The insurance litigation world promises to be a busy one in 2023; an uptick in interest across novel areas – particularly ESG and technology – combined with the squeeze of an economic downturn provides the dramatic backdrop to a period which is likely to see a huge amount of activity.
The ‘E’ of ESG
Arguably the hottest current trend is the explosion of interest in ESG-related litigation, with sustainable insurance, net-zero targets and climate-change claims all taking centre stage. Although actions brought against private companies based on historic emissions are still getting off the ground, cases such as Lliuya v RWE in Germany are illustrative of the potential for success. More established, and rapidly gaining popularity in the UK, are shareholder claims relating to ‘greenwashing’, which target corporations unable to practise what they preach when it comes to sustainability.
The lawsuit filed by ClientEarth against the board of directors of Shell for failing to manage the material and foreseeable risks posed to the company by climate change, meanwhile, has been indicative of the type of forward-looking claims which corporations may face. The construction sector – already bearing the weight of cladding-related claims and anticipating further issues as the provisions of the Building Safety Act are phased in before October 2023 – is also likely to feel an added burden. According to Jonathan Spencer, a partner in Simmons & Simmons’ insurance and construction group, ‘Those working in the industry are increasingly coming under pressure to understand and consider climate-related risks when working on a building project’. This pressure to not only satisfy current requirements, but also future-proof more effectively, is likely to one which businesses and professionals across the gamut of industries feel profoundly in the coming months and years.
The environmental boom is mirrored on the insurer side by the concurrent expansion of portfolios to include, for example, coverage for renewable energy sources. August 2022 saw Marsh, a unit of Marsh & McLennan, launch the world’s first dedicated insurance product for hydrogen energy projects. Insurers themselves are also increasingly adopting net-zero strategies, and the UN-convened Net Zero Insurance Alliance comprises a growing number of leading insurers who have committed to the goal targets set by the Paris Agreement on Climate Change.
Social and governance
Although much of the focus tends to be on the environment and climate change, companies neglect an early focus on the other component elements of ESG at their peril. 2022 heralded an increase in large-scale employment practice liability claims in the UK, with payments more than £1m being dealt out to individuals alleging discrimination. Jonathan Spencer and James Pollock – the latter of whom acts as the global head of Simmons & Simmons’ insurance and construction group – are quick to caution that ‘poor management by businesses of internal and supply chain risks can lead to litigation, regulatory action and associated reputational damage, all of which may result in insurance claims and coverage disputes’.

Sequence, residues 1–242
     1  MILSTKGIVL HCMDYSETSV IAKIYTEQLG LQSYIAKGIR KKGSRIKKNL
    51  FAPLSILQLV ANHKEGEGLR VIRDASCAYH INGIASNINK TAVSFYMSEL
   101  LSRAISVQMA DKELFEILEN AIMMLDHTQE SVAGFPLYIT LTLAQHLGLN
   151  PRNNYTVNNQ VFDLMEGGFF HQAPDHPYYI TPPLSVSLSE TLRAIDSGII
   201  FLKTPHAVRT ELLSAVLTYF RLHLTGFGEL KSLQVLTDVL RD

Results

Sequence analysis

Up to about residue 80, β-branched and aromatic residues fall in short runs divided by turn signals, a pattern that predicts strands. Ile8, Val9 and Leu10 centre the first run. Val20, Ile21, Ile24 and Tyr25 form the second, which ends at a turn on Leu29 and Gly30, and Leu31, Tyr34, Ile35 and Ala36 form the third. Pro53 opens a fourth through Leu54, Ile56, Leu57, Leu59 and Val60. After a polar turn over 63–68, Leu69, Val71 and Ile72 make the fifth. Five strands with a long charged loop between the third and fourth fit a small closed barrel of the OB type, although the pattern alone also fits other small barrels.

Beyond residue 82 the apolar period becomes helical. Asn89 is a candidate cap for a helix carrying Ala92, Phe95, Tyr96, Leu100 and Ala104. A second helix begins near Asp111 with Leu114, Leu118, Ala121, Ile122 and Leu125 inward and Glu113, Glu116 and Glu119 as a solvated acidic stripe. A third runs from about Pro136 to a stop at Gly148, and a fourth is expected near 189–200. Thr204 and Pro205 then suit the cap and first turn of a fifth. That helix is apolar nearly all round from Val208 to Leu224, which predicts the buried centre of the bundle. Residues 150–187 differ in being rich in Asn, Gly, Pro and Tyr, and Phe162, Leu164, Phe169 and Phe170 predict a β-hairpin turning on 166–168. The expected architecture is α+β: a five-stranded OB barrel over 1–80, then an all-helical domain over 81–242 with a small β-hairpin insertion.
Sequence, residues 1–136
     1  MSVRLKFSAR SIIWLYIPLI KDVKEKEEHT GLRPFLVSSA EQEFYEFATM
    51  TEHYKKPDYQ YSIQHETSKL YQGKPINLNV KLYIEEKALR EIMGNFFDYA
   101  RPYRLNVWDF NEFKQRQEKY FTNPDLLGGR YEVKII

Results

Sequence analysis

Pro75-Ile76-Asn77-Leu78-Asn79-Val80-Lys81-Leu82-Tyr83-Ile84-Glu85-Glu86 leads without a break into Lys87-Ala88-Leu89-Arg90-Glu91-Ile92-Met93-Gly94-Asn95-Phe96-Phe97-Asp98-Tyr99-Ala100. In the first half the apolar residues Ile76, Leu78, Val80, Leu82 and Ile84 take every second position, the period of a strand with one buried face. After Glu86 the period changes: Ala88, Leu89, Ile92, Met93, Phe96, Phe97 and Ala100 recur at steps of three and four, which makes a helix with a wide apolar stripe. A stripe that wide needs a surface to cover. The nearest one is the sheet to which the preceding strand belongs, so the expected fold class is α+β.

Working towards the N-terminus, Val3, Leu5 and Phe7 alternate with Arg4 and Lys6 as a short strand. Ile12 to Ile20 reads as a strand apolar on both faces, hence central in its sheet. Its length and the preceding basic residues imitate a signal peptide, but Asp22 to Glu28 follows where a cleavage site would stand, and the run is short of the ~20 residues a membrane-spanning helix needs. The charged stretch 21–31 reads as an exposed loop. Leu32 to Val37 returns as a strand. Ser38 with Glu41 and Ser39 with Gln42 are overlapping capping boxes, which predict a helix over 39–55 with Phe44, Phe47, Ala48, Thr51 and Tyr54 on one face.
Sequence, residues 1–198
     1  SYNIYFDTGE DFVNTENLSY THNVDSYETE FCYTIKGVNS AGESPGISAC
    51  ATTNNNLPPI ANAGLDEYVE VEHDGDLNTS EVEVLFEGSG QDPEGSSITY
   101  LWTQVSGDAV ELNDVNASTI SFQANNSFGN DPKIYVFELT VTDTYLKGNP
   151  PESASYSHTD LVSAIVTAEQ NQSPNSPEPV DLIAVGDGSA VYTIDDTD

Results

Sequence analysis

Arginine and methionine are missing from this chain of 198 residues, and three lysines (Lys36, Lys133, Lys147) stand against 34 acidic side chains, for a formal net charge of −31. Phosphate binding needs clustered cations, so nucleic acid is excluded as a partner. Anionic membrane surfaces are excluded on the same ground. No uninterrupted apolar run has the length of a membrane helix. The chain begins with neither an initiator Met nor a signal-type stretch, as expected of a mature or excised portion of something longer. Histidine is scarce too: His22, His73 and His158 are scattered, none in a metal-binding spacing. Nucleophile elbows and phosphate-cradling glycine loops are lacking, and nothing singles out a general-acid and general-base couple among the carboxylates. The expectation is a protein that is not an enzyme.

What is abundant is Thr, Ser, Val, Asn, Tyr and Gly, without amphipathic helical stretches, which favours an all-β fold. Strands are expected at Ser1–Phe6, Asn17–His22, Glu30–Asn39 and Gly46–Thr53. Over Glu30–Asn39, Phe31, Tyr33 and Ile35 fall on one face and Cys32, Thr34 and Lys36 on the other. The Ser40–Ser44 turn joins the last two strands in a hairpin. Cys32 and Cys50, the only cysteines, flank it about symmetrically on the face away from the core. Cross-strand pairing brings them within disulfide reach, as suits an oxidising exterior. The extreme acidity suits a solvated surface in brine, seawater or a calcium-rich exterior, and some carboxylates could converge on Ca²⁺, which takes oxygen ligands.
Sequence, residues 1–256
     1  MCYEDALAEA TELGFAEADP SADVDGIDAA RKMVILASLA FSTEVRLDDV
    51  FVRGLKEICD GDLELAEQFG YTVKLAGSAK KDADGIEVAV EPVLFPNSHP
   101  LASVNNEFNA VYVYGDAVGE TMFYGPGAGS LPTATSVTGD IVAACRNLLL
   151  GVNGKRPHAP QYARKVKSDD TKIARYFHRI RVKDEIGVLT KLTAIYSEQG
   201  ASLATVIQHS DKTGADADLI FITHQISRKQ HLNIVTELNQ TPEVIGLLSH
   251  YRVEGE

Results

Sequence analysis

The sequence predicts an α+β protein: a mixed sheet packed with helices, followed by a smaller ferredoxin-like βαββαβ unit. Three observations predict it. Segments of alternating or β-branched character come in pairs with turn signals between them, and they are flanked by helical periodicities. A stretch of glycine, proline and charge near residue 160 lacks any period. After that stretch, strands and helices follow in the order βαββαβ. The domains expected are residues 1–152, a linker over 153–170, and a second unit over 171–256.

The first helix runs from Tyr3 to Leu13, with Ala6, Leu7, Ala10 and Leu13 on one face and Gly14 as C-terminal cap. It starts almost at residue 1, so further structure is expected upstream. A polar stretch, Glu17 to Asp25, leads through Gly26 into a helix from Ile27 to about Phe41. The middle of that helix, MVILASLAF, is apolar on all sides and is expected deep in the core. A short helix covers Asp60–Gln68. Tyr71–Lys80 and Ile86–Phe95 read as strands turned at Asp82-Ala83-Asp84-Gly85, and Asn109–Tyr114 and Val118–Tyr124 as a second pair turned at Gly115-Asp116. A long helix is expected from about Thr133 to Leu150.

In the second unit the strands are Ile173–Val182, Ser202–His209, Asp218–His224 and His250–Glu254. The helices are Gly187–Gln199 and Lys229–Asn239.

Over in the US, the SEC’s recently proposed new rules – intended to enhance the regulatory framework for ESG-related disclosures concerning investment funds and advisers – are undoubtedly emblematic of a rapidly increasing level of scrutiny across the pond. The rest of the world seems likely to follow, with the FCA already looking to develop a regulatory regime which will monitor strategies relating to ESG. Particularly in combination with the high levels of civil unrest and activism worldwide, such increased pressures for transparency and rigour will create fertile ground for even more claims.
The tense geopolitical situation that persists also continues to have far-reaching consequences for insurance litigation well beyond the ESG sphere. Supply chain disruption issues – initially triggered by the Covid-19 pandemic and further exacerbated by the conflict in Ukraine – show no signs of abating. Concurrent business interruption claims will therefore continue to be a common sight throughout 2023. Although this trend is of particular concern for the construction sector, industries such as healthcare and shipping are also significantly affected. The rate of corporate insolvencies – already rising rapidly following the curtailing of government measures designed to minimise damage in March 2022 – also looks set to soar under the combined pressures of supply chain disruption, steep energy prices and high inflation rates. Hand in hand with increased financial pressures and potential insolvencies comes the likelihood of fraud being committed and uncovered, leading to a spike in civil fraud-related litigation activity.